In budding yeast, anaphase initiation is controlled by ubiquitin-dependent degradation of Pds1p. Analysis of pds1 mutants implicated Pds1p in the DNA damage, spindle assembly, and S-phase checkpoints. Though some components of these pathways are known, others remain to be identified. Moreover, the essential function of Pds1p, independent of its role in checkpoint control, has not been elucidated. To identify loci that genetically interact with PDS1, we screened for dosage suppressors of a temperature-sensitive pds1 allele, pds1-128, defective for checkpoint control at the permissive temperature and essential for viability at 37°C. Genetic and functional interactions of two suppressors are described. RAD23 and DDI1 suppress the temperature and hydroxyurea, but not radiation or nocodazole, sensitivity of pds1-128. rad23 and ddi1 mutants are partially defective in S-phase checkpoint control but are proficient in DNA damage and spindle assembly checkpoints. Therefore, Rad23p and Ddi1p participate in a subset of Pds1p-dependent cell cycle controls. Both Rad23p and Ddi1p contain ubiquitin-associated (UBA) domains which are required for dosage suppression of pds1-128. UBA domains are found in several proteins involved in ubiquitin-dependent proteolysis, though no function has been assigned to them. Deletion of the UBA domains of Rad23p and Ddi1p renders cells defective in S-phase checkpoint control, implicating UBA domains in checkpoint signaling. Since Pds1p destruction, and thus checkpoint regulation of mitosis, depends on ubiquitin-dependent proteolysis, we propose that the UBA domains functionally interact with the ubiquitin system to control Pds1p degradation in response to checkpoint activation.
Although APOBEC3G protein is a potent and innate anti-HIV-1 cellular factor, HIV-1 Vif counteracts the effect of APOBEC3G by promoting its degradation through proteasome-mediated proteolysis. Thus, any means that could prevent APOBEC3G degradation could potentially enhance its anti-viral effect. The UBA2 domain has been identified as an intrinsic stabilization signal that protects protein from proteasomal degradation. In this pilot study, we tested whether APOBEC3G, when it is fused with UBA2, can resist Vif-mediated proteasomal degradation and further inhibit HIV-1 infection.
APOBEC3G-UBA2 fusion protein is indeed more resistant to Vif-mediated degradation than APOBEC3G. The ability of UBA2 domain to stabilize APOBEC3G was diminished when polyubiquitin was over-expressed and the APOBEC3G-UBA2 fusion protein was found to bind less polyubiquitin than APOBEC3G, suggesting that UBA2 stabilizes APOBEC3G by preventing ubiquitin chain elongation and proteasome-mediated proteolysis. Consistently, treatment of cells with a proteasome inhibitor MG132 alleviated protein degradation of APOBEC3G and APOBEC3G-UBA2 fusion proteins. Analysis of the effect of APOBEC3G-UBA2 fusion protein on viral infectivity indicated that infection of virus packaged from HEK293 cells expressing APOBEC3G-UBA2 fusion protein is significantly lower than those packaged from HEK293 cells over-producing APOBEC3G or APOBEC3G-UBA2 mutant fusion proteins.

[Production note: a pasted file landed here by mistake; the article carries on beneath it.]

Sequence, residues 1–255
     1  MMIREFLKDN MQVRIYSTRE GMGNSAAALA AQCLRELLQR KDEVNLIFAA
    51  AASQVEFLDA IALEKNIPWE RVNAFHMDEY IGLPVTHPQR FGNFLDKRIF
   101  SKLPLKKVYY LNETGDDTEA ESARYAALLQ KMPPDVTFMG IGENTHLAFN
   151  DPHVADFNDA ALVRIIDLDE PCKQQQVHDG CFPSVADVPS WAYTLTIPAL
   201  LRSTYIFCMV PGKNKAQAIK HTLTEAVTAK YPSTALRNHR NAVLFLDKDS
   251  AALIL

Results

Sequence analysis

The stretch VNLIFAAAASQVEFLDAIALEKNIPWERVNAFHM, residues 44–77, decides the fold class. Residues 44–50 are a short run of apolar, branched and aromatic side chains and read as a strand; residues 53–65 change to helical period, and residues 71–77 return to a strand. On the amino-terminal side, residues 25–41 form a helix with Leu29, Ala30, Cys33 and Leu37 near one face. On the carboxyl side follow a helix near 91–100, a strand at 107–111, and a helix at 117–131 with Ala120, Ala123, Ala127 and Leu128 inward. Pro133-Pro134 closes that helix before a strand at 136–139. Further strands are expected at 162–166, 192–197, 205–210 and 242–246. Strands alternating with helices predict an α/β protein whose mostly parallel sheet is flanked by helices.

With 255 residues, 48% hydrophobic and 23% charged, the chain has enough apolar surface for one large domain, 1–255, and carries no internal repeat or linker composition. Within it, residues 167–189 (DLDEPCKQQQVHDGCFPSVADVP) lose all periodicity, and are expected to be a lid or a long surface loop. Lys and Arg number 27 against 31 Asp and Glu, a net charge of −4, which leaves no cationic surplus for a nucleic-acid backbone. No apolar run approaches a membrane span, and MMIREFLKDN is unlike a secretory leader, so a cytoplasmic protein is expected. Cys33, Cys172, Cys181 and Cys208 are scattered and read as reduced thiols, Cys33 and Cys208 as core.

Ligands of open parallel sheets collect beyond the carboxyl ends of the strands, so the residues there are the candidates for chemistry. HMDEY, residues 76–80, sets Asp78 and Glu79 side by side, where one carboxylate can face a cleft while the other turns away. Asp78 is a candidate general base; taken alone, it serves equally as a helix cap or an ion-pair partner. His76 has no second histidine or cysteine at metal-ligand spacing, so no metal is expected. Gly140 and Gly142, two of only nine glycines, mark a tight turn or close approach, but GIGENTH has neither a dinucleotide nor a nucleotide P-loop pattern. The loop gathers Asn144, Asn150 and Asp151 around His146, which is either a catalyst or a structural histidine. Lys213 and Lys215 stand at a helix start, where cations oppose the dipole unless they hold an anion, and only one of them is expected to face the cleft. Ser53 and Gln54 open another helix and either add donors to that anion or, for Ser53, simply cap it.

Fusion of UBA2 to APOBEC3G can make it more difficult to be degraded by proteasome. Thus, UBA2 could potentially be used to antagonize Vif-mediated APOBEC3G degradation by preventing polyubiquitination. The stabilized APOBEC3G-UBA2 fusion protein gives stronger inhibitory effect on viral infectivity than APOBEC3G without UBA2.
Genetic immunization is a promising new technology for developing vaccines against tuberculosis that are more effective. In the present study, we evaluated the effects of intracellular turnover of antigens expressed by DNA vaccines on the immune response induced by these vaccines in a mouse model of pulmonary tuberculosis. The mycobacterial culture filtrate protein MPT64 was expressed as a chimeric protein fused to one of three variants of the ubiquitin protein (UbG, UbA, and UbGR) known to differentially affect the intracellular processing of the coexpressed antigens. Immunoblot analysis of cell lysates of in vitro-transfected cells showed substantial differences in the degradation rate of ubiquinated MPT64 (i.e., UbG64 < UbA64 < UbGR64). The specific immune response generated in mice correlated with the stability of the ubiquitin-conjugated antigen. The UbA64 DNA vaccine induced a weak humoral response compared to UbG64, and a mixed population of interleukin-4 (IL-4)- and gamma interferon (IFN-γ)-secreting cells. Vaccination with the UbGR64 plasmid generated a strong Th1 cell response (high IFN-γ, low IL-4) in the absence of a detectable humoral response. Aerogenic challenge of vaccinated mice with Mycobacterium tuberculosis indicated that immunization with both the UbA64- and UbGR64-expressing plasmids evoked an enhanced protective response compared to the vector control. The expression of mycobacterial antigens from DNA vaccines as fusion proteins with a destabilizing ubiquitin molecule (UbA or UbGR) shifted the host response toward a stronger Th1-type immunity which was characterized by low specific antibody levels, high numbers of IFN-γ-secreting cells, and significant resistance to a tuberculous challenge.